Release Date: February 6, 2014
BUFFALO, N.Y. – The current U.S. Supreme Court debate over whether to maintain buffer zones restricting protestors at Massachusetts reproductive clinics returns to familiar constitutional territory justices already have ruled on, University at Buffalo Law School faculty member Lucinda Finley says.
Finley, the Frank G. Raichle Professor of Trial and Appellate Advocacy and UB vice provost for faculty affairs, successfully argued in 1996 before the Supreme Court in favor of establishing a 15-foot buffer zone around Western New York reproductive health clinics to protect clients from harassment from protestors. This time, with the Supreme Court appearing evenly divided while hearing arguments earlier this month in a First Amendment challenge to a Massachusetts law, Finley says the idea of buffer zones seem well-established and with ample judicial precedent.
“I’ve lived this issue as a lawyer for many years of protests, culminating in the murder of a doctor in Buffalo, and I argued the legitimacy of a buffer zone all the way to the Supreme Court, which upheld buffer zones against a First Amendment challenge,” she says.
Because of that ruling — Schenck v. Pro-Choice Network of Western New York — there is a 15-foot buffer zone around the doorway and driveway entrances of Western New York reproductive clinics. There also are buffer zones in polling places, funerals and at the Supreme Court building itself, a precedent that seems established and approved by the Supreme Court, according to Finley.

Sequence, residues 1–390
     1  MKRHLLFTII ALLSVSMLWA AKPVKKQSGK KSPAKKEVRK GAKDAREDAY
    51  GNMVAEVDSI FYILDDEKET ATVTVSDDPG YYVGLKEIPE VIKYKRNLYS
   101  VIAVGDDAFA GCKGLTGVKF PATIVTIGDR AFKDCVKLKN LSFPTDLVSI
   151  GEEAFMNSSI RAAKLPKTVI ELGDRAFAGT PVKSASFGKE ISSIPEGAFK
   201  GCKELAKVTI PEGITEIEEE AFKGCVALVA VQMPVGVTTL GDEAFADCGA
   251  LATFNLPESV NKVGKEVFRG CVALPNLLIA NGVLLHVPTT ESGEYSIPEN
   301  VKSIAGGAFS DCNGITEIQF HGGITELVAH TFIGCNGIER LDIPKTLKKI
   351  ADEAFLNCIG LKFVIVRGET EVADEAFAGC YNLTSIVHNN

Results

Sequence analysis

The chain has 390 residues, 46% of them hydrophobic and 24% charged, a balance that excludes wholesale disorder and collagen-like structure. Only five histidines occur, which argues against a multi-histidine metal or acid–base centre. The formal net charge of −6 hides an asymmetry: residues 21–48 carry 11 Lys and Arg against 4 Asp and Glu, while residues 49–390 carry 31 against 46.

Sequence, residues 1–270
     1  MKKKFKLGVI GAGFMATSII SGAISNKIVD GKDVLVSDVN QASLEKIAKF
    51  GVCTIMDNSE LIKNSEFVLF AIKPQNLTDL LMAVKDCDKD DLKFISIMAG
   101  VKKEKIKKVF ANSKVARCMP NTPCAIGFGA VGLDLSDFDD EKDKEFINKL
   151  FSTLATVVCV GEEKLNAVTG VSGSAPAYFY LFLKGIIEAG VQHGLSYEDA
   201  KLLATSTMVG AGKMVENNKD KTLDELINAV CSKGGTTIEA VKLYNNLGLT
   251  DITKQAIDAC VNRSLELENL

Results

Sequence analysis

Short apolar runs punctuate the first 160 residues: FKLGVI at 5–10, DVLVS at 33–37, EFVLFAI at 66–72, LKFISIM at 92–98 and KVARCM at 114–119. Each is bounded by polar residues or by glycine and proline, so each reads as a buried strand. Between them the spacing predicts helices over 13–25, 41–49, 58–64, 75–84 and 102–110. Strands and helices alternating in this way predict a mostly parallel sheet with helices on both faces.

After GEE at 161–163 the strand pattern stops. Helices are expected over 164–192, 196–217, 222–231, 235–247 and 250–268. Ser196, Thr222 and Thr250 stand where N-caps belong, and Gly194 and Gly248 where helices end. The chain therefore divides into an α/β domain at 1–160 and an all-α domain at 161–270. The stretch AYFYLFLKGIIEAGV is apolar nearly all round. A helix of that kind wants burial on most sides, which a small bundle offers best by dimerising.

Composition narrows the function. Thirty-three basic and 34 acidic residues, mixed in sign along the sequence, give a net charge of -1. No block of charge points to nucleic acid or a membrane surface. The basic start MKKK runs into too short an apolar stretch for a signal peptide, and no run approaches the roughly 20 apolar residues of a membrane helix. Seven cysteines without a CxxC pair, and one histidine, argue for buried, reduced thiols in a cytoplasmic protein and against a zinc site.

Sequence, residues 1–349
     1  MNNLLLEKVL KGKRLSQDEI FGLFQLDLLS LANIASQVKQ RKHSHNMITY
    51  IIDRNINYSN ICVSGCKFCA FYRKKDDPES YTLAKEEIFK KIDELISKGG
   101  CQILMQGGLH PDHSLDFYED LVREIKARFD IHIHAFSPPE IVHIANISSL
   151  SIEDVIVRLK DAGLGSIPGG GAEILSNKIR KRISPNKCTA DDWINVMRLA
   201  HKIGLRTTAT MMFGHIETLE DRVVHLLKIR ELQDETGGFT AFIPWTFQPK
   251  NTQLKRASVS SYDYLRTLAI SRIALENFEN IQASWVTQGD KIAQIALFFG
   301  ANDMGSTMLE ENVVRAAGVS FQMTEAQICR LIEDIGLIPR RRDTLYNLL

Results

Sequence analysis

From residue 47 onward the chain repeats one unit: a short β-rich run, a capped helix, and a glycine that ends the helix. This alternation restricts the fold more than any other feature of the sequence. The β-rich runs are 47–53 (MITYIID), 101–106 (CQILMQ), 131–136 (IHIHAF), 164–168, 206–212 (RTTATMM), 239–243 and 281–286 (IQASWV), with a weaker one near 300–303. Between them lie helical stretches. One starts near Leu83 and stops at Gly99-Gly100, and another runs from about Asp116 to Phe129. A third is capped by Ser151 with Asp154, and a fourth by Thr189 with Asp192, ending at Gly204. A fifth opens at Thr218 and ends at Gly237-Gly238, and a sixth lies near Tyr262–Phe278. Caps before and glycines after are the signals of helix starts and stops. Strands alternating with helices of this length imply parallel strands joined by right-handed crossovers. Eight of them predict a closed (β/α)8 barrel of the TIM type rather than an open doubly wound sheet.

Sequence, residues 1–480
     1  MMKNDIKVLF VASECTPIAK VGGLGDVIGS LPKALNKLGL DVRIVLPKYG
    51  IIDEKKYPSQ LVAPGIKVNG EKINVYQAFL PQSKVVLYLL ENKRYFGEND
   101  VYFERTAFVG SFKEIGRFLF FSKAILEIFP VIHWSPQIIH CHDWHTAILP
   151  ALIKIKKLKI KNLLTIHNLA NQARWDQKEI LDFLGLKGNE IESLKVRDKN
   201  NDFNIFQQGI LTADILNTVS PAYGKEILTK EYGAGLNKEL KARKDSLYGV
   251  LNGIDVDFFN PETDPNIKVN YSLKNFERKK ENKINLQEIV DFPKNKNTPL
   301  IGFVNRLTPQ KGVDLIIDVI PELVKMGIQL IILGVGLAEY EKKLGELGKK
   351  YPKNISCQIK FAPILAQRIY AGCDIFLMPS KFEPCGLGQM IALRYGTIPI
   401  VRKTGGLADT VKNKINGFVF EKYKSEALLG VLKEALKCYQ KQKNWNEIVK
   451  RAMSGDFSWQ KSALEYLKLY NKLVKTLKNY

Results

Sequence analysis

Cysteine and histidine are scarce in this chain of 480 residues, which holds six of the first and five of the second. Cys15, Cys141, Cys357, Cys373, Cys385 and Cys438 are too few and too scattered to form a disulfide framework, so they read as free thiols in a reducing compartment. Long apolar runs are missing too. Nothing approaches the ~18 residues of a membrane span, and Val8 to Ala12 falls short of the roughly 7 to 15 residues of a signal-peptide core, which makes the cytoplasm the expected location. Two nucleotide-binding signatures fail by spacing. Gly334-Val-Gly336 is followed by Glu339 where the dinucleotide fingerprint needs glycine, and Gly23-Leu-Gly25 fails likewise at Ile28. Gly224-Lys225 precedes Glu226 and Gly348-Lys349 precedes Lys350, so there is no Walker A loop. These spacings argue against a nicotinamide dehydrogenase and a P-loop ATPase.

“I do not expect the Supreme Court will rule you can never use a buffer zone,” she says. “Buffer zones are basically justified as public safety rules, ensuring safety of traffic and free flow of pedestrians, along with the ability of people to go to a clinic without harassment, pushing, shoving, you name it.
“Given the U.S. Supreme Court twice upheld buffer zones around reproductive clinics, it surprised me and many other people they even took the case in Massachusetts.”
Finley says the fact the Supreme Court agreed to hear the case of Massachusetts buffer zones could reflect the change in composition of the Supreme Court justices since 1996 when they upheld the right to maintain buffer zones in Western New York, along with upholding a similar statute in Colorado in 2000.
“The fact they took the case and the oral questions they asked suggest new justices who replaced (Sandra Day) O’Connor and (William) Rehnquist are more skeptical about the need for buffer zones,” Finley says.
A reasonably informed guess may be the judges think 35 feet is too far to push away protestors, Finley says.
“It may simply be the Massachusetts case will come down to if someone wants to try to talk with someone with one-on-one public engagement, they have to be able to speak in conversational tones but not so close that they harass the person.
“We can’t speculate until we see the decision whether there will still be leeway to establish smaller protest-free zones around the clinic.”
The Supreme Court’s deliberations raise speculation on what the buffer-zone decision will be and how that will affect the ongoing pro-life, pro-choice debate around abortion. When hearing arguments on the case Jan. 15, four of the more liberal justices asked questions indicating they believed the 35-foot buffer zones created by the 2007 law were a valid response to decades of harassment and violence at abortion clinics in Massachusetts, including a shooting rampage at two clinics in 1994.
The court’s more conservative members questioned the need for the law, describing the buffer zones as a blunt and selective instrument. But Chief Justice John G. Roberts Jr., who almost certainly holds the crucial vote, asked no questions, raising speculation on the court’s final decision.
Finley is available for interviews by contacting Charles Anzalone at the UB Office of Communications at6 716-645-4600 or at email@example.com.